Rival Purplebricks bidder plots to hijack £1 takeover – with £1.5m offer

Beleaguered estate agent Purplebricks has received a rival takeover offer from one of its major shareholders, a week after agreeing to sell its business for just £1 in a cut-price rescue deal.

Lecram Holdings, which owns just over 5pc of the company, has tabled a £1.5m offer for Purplebricks, and claimed that the current proposal to sell the company to rival Strike is “not in the best interest of shareholders”.

Property portal Strike, which is backed by Carphone Warehouse and TalkTalk founder Sir Charles Dunstone, last week agreed to rescue struggling Purplebricks for a token consideration of £1.

Lecram Holdings said: “We believe that the Strike transaction agreed by the board of the company is not in the best interests of shareholders and could end up with them receiving nothing.

“We believe our offer gives shareholders the certainty of cash now rather than vague promises from a discredited board of something more somewhere down the line.”

Shares in the company jumped 40pc to 0.66p, above Lecram’s offer price of  0.5p per share. The leap suggests traders now expect a bidding war for the company.

Purplebricks’ board urged shareholders to ignore the new offer and back the Strike deal.

The company said in a statement: “The Board does not currently consider that the proposal reflects an improvement on the proposed sale of business and assets to Strike Limited.”

“The Board therefore continues to recommend the company’s shareholders vote in favour the resolutions being proposed at its general meeting.”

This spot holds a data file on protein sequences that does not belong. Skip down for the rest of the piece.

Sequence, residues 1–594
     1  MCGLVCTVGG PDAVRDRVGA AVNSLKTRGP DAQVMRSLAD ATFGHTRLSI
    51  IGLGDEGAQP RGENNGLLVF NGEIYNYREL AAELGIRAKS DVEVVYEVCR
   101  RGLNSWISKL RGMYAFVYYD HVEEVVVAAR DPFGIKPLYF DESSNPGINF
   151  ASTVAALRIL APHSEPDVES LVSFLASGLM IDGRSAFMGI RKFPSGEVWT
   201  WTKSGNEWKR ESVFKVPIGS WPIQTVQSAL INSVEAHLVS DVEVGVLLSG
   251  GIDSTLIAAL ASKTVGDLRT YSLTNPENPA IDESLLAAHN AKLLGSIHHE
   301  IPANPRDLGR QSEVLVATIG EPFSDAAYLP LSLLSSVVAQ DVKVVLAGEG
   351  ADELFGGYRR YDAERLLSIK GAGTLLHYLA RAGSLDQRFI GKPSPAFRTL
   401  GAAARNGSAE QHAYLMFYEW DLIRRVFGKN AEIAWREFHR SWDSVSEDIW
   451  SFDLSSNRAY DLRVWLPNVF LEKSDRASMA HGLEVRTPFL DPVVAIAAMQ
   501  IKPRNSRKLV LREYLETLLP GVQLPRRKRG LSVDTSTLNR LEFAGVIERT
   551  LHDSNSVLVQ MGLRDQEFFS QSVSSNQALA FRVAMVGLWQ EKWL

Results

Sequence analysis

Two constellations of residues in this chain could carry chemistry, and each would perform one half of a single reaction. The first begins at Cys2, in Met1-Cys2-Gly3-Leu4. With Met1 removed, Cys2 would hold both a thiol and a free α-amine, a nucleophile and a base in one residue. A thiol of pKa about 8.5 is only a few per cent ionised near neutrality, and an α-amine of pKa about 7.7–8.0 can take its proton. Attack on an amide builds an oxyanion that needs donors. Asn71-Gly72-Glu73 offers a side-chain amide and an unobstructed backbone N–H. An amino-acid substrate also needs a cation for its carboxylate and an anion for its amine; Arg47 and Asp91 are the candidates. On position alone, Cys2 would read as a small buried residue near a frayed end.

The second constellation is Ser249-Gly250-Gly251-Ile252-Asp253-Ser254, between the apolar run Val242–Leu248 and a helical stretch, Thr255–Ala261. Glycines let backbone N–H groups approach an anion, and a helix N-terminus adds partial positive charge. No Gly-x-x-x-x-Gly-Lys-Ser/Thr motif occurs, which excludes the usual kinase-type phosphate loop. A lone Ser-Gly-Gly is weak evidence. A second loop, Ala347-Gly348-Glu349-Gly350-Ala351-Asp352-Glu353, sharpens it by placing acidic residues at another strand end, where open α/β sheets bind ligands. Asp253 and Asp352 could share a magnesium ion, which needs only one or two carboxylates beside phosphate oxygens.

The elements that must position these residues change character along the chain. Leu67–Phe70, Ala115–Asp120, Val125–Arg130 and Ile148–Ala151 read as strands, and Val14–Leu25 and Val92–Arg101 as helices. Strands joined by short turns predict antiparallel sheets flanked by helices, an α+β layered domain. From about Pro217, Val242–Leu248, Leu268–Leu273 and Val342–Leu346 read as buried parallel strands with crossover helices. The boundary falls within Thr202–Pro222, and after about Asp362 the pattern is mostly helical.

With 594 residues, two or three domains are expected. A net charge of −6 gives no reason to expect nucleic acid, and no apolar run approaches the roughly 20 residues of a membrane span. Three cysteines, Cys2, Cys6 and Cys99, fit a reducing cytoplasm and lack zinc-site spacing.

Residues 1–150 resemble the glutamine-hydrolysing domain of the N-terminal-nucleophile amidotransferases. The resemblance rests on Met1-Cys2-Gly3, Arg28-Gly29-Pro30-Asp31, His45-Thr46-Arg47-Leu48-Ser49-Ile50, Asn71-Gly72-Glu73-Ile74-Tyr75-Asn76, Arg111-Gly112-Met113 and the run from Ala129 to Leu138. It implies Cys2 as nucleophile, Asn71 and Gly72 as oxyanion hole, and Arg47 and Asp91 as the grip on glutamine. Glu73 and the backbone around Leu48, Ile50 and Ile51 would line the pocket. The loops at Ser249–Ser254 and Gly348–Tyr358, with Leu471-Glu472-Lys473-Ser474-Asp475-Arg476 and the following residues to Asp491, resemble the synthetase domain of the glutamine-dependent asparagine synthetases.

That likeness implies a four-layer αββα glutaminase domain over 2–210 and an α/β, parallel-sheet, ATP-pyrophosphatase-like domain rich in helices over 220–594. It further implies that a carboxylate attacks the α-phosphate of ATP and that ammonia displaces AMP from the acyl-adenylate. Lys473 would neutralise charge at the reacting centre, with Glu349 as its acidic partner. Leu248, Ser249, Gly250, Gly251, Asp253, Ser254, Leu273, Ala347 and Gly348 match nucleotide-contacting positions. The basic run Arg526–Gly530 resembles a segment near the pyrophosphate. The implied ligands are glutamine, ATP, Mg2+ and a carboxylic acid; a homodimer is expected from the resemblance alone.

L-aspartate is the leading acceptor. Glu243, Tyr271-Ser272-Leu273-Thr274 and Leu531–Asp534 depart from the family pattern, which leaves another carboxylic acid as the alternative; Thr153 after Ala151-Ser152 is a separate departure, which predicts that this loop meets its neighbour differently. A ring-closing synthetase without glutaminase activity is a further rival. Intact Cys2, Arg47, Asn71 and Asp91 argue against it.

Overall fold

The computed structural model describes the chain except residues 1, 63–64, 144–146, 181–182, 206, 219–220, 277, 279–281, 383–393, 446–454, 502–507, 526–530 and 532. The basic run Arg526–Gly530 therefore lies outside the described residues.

Shareholders will vote on the Strike’s deal on June 2.

Purplebricks was forced to put itself up for sale after over expansion and regulatory mistakes at its lettings business left it struggling with high costs and falling revenues.

Carphone Warehouse founder Sir Charles Dunstone agreed a deal to rescue Purplebricks for a token £1 sum Credit: David M. Benett/Getty Images Contributor

Upon announcing the sale to Strike, Sir Charles Dunstone told The Telegraph that Purplebricks was “too big and cumbersome”.

Sir Charles said: “Purplebricks’ listings have shrunk in the last few years. It was too big a business for such few listings. Now either we get more listings or we shrink the business.”

Lecram Holdings pursued an activist campaign against the Purplebricks’ board prior to the sale, calling for the company’s chairman, Paul Pindar, to step down. Mr Pindar survived an attempt by Lecram to oust him last year.